The Evolution of Technology - 18/10/2017
It’s interesting to see how technology evolves and how important geospatial data has become. The difference between how simple it may look to link data together and how difficult it sometimes can be, are two different things. It’s the technology – but we can overcome that hurdle. The most important challenge is often in the organisation or organisations. They may work together well, however, it’s eye-opening if you hear about a project related to INSPIRE where a project manager saw a tweet related to the project along the lines: ‘Thanks to INSPIRE I can use the data that is created in the office next door’. At the same time, I am really fascinated with autonomous learning, this leading to roadmaps being updated automatically with data collected and transmitted by self-driving cars in real time. I can’t wait for this to be daily practice!
Joost Boers, content manager
The past few months have been exciting ones in the geospatial world. From the 7th annual UN-GGIM conference in New York in August to the 10th annual INSPIRE conference in France and Germany last month, there has been lots of collaboration among the international geospatial community. The OGC hosted Location Powers: Underground Infrastructure event at the Geovation Hub in London was followed by its Technical Conference the following week. QGIS revealed some exciting new 3D features in advance of its upcoming QGIS 3 launch, Pitney Bowes announced some software updates and Big Data solutions which are sure to interest the business intelligence community, while Australia committed its future to Earth Observation and Remote Sensing by announcing that it will launch its very own national space agency.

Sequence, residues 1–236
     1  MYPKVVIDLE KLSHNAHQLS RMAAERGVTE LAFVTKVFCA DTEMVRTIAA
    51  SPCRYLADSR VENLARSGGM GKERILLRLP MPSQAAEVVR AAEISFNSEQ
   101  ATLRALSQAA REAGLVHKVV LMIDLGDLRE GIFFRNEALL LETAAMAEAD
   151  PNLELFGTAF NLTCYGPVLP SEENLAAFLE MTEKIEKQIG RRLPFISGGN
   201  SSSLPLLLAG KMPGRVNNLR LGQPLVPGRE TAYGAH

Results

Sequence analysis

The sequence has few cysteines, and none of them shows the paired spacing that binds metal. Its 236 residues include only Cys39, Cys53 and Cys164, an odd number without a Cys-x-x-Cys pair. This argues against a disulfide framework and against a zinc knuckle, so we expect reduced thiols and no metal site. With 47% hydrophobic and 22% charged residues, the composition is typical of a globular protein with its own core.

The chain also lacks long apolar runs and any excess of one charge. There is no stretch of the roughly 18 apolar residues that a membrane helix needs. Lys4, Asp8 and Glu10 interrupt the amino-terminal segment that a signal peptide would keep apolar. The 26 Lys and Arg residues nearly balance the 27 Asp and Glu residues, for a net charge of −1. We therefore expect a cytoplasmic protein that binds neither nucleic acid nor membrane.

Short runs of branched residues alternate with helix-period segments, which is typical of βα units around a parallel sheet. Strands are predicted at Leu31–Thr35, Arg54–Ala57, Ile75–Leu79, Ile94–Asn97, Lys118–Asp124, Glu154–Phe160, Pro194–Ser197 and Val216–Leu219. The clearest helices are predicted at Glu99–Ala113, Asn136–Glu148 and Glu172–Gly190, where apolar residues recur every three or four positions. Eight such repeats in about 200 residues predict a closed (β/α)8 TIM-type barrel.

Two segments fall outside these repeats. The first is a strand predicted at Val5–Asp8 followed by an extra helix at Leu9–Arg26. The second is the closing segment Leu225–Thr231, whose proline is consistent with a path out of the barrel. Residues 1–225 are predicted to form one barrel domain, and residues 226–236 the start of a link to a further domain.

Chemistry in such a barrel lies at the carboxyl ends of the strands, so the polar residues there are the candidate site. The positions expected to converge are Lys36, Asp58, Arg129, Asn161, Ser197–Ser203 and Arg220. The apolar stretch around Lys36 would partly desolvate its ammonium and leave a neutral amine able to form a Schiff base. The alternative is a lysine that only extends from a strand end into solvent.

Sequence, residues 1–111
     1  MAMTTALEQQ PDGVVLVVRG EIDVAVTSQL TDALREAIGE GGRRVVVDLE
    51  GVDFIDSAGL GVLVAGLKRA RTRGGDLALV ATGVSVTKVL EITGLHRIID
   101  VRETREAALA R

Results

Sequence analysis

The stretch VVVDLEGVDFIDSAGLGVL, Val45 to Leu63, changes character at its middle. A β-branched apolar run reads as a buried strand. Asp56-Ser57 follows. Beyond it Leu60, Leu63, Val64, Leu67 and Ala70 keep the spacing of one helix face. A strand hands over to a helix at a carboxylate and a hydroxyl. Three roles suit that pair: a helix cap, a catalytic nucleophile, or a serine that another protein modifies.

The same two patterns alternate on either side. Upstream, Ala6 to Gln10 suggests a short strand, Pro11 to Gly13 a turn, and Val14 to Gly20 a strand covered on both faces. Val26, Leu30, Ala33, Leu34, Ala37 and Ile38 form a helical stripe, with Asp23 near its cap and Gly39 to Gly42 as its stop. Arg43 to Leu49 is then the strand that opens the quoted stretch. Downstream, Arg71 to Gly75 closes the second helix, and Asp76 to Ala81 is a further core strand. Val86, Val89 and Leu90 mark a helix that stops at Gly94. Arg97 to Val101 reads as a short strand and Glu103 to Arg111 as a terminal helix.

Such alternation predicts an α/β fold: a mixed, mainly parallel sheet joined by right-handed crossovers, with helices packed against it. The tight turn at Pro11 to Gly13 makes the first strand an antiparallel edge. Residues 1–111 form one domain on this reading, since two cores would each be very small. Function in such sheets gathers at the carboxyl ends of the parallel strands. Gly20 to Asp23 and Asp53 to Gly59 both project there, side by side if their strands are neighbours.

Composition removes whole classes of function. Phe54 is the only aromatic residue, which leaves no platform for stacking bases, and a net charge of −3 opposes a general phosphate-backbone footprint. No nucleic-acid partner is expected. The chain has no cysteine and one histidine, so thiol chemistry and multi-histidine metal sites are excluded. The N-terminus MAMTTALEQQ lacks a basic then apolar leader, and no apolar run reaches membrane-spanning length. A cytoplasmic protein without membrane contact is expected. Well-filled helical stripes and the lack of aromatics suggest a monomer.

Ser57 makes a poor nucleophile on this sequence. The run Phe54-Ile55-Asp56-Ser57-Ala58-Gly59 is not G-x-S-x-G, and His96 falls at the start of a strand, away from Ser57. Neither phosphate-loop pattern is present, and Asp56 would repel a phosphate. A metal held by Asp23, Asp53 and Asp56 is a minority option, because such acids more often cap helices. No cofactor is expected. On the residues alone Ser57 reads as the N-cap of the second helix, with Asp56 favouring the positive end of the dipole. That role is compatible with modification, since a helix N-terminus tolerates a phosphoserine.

Niall Conway, contributing editor
Open data stimulates innovation and provides many opportunities for the development of new products and services. I am a happy user of open data, especially open satellite data such as Sentinel images (from the Copernicus programme) and the extensive Landsat archive. However, in my experience, it can also be a real challenge to discover and use the right open data. Combined with potential political and commercial obstacles for open data in general, one can conclude: open data is definitely a great movement, but not as simple as it seems.
Sabine de Milliano, contributing editor
"The global open data movement has helped governments make inroads into solving problems with a data-driven approach. Open data provides a new kind of glue to bring governments and citizens together. It facilitates interaction, provides the means to rally around shared objectives, and helps everyone stay connected and informed as improvements take place.”
Jack Dangermond, founder of esri
This article was published in GIS Professional October 2017Last updated: 17/02/2019